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Abstract

  1. Top of page
  2. Abstract
  3. Introduction
  4. Methods and Procedures
  5. Results
  6. Discussion
  7. Acknowledgment
  8. Disclosure
  9. REFERENCES

Objective: To assess whether changes in total and regional adiposity affect the odds for becoming hypercholesterolemic.

Methods and Procedures: Changes in BMI and waist circumference were compared to self-reported physician-diagnosed hypercholesterolemia in 24,397 men and 10,023 women followed prospectively in the National Runners' Health Study.

Results: Incident hypercholesterolemia were reported by 3,054 men and 519 women during (mean ± s.d.) 7.8 ± 1.8 and 7.5 ± 2.0 years of follow-up, respectively. Despite being active, men's BMI increased by 1.15 ± 1.71 kg/m2 and women's BMI increased by 0.96 ± 1.89 kg/m2. The odds for developing hypercholesterolemia increased significantly in association with gains in BMI and waist circumferences in both sexes. A gain in BMI ≥2.4 kg/m2 significantly (P < 0.0001) increased the odds for hypercholesterolemia by 94% in men and 129% in women compared to those whose BMI declined (40 and 76%, respectively, adjusted for average of the baseline and follow-up BMI, P < 0.0001). A gain of ≥6 cm in waist circumference increased men's odds for hypercholesterolemia by 74% (P < 0.0001) and women's odds by 70% (P < 0.0001) relative to those whose circumference declined (odds increased 40% at P < 0.0001 and 49% at P < 0.01, respectively adjusted for average circumference). BMI and waist circumference at the end of follow-up were significantly associated (P < 0.0001) with the log odds for hypercholesterolemia in both men (e.g., coefficient ± s.e.: 0.115 ± 0.011 per kg/m2) and women (e.g., 0.119 ± 0.019 per kg/m2) when adjusted for baseline values, whereas baseline BMI and circumferences were unrelated to the log odds when adjusted for follow-up values.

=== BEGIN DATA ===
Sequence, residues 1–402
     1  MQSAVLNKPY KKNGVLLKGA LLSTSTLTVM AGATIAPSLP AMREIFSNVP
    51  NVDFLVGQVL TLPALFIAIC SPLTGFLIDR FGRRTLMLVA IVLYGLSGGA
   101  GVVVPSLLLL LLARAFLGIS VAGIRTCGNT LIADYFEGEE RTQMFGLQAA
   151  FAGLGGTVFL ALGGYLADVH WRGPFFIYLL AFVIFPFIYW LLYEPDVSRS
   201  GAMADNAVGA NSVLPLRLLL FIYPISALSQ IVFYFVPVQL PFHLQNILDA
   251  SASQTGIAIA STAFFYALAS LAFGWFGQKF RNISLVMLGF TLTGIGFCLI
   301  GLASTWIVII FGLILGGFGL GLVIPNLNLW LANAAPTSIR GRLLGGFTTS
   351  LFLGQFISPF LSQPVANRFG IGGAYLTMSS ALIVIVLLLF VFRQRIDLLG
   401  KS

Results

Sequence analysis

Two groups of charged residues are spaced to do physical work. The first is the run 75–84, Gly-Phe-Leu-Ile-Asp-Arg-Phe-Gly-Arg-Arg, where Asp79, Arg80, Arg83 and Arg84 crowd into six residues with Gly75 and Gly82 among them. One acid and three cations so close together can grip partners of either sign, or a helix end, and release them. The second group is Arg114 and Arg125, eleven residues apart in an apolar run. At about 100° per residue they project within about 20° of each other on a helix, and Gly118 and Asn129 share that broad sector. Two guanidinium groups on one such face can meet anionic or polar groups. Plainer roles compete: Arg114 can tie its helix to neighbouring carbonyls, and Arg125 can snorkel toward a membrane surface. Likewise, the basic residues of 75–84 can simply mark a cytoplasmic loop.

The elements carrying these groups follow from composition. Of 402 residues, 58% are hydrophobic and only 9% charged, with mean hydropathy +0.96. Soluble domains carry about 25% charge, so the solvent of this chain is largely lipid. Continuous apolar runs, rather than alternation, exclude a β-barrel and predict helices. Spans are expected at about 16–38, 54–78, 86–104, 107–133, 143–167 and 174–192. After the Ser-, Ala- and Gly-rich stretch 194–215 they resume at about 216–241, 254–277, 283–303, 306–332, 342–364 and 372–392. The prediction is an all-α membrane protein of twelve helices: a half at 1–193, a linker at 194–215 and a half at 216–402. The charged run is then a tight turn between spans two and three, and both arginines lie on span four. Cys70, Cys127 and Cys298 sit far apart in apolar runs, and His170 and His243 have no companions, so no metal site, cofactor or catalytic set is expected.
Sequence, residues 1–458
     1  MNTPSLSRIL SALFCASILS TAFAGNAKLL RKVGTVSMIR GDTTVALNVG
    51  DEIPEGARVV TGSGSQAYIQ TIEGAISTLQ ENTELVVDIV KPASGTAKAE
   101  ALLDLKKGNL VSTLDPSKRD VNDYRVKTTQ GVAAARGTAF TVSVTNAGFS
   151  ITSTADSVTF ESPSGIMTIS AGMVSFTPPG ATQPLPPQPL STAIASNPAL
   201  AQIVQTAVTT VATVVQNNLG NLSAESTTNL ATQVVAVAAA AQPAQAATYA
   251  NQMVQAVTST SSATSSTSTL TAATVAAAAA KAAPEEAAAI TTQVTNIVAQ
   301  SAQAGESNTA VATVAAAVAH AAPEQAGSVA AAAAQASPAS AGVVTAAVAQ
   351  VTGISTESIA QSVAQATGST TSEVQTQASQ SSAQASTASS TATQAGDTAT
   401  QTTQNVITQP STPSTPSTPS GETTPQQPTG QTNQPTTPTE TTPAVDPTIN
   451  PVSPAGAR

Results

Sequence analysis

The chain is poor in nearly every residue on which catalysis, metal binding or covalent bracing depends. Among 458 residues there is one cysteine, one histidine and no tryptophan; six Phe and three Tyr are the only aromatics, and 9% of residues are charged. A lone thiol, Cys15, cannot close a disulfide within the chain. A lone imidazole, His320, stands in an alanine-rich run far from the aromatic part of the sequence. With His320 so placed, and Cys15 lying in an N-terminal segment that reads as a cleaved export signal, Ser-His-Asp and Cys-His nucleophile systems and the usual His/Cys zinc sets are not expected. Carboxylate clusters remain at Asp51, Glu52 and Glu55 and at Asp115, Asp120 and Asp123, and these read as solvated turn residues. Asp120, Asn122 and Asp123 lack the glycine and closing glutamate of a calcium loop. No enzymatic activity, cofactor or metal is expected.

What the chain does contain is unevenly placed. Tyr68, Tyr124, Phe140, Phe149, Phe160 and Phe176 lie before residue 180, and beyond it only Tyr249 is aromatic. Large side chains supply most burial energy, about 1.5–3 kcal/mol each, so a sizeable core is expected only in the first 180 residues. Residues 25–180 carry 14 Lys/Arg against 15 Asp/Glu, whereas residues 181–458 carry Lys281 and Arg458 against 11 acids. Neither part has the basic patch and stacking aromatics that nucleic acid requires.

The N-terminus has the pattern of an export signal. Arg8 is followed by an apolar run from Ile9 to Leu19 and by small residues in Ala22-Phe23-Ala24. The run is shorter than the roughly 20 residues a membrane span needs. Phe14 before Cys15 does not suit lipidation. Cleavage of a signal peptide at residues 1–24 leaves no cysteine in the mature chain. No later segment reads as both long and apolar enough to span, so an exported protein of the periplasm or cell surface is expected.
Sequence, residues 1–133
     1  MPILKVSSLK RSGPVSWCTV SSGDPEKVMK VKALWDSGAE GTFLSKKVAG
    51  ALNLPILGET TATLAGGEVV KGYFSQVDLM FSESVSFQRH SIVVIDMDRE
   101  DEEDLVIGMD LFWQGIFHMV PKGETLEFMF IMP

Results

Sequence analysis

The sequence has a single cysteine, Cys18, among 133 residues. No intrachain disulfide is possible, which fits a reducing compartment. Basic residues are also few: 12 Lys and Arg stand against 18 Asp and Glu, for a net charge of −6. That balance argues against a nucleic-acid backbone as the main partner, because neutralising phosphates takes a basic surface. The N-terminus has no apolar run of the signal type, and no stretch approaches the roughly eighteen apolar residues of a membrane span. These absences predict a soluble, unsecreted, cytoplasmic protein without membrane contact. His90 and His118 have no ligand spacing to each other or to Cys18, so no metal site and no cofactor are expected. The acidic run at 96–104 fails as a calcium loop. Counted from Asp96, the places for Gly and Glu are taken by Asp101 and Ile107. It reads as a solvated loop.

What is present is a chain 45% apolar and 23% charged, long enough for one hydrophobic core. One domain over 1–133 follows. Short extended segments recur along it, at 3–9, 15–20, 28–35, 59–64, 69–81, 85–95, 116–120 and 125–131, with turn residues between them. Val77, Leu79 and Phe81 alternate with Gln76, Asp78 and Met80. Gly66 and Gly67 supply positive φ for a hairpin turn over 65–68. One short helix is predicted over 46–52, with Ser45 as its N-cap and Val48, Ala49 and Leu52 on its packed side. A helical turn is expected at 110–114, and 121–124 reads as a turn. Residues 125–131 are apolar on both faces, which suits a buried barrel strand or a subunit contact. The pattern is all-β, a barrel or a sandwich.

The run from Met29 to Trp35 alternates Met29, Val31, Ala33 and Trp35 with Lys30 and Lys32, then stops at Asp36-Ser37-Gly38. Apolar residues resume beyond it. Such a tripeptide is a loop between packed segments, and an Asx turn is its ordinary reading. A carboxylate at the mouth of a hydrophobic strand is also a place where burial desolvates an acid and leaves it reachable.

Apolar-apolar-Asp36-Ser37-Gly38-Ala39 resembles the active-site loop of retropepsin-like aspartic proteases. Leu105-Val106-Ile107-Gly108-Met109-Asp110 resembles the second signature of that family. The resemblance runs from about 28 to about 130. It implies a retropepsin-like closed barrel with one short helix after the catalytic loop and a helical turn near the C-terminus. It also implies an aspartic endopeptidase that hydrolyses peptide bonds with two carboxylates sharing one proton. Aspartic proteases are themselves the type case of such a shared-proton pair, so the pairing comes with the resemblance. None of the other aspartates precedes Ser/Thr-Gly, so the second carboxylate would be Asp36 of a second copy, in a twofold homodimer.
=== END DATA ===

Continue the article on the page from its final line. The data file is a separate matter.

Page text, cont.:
Discussion: These observations are consistent with the hypothesis that weight gain acutely increases the risk for hypercholesterolemia.


Introduction

  1. Top of page
  2. Abstract
  3. Introduction
  4. Methods and Procedures
  5. Results
  6. Discussion
  7. Acknowledgment
  8. Disclosure
  9. REFERENCES

The Third National Cholesterol Education Program specifically recommends weight management for preventing hypercholesterolemia (1). Whereas randomized controlled clinical trials show that weight loss causes cholesterol lowering (2), evidence linking weight gain to increased cholesterol is derived primarily from cross-sectional associations, longitudinal studies of concurrent weight and cholesterol increases (3,4,5,6,7,8,9,10,11,12,13,14,15), and prospective epidemiological studies (16). Several longitudinal studies report that changes in weight have greater effect on cholesterol levels in men than in women (7,10,11), while others report a greater effect in women (13), or no difference (9). The effects of changing body weight on plasma cholesterol concentrations may also vary with level of adiposity, as some studies suggest greater increases with weight gain among nonobese than obese men and women (7,10).

The purpose of this study was to assess the relationship of long-term changes in adiposity as measured by BMI and waist circumference to the odds of becoming hypercholesterolemic among a vigorously active and generally lean population of men and women in whom the risk of developing high cholesterol may appear remote. Several simple combinations of the baseline and follow-up BMI are used to characterize their relationship to incident high cholesterol. The results are consistent with the hypothesis that weight gain acutely increases the risk of hypercholesterolemia.

Methods and Procedures

  1. Top of page
  2. Abstract
  3. Introduction
  4. Methods and Procedures
  5. Results
  6. Discussion
  7. Acknowledgment
  8. Disclosure
  9. REFERENCES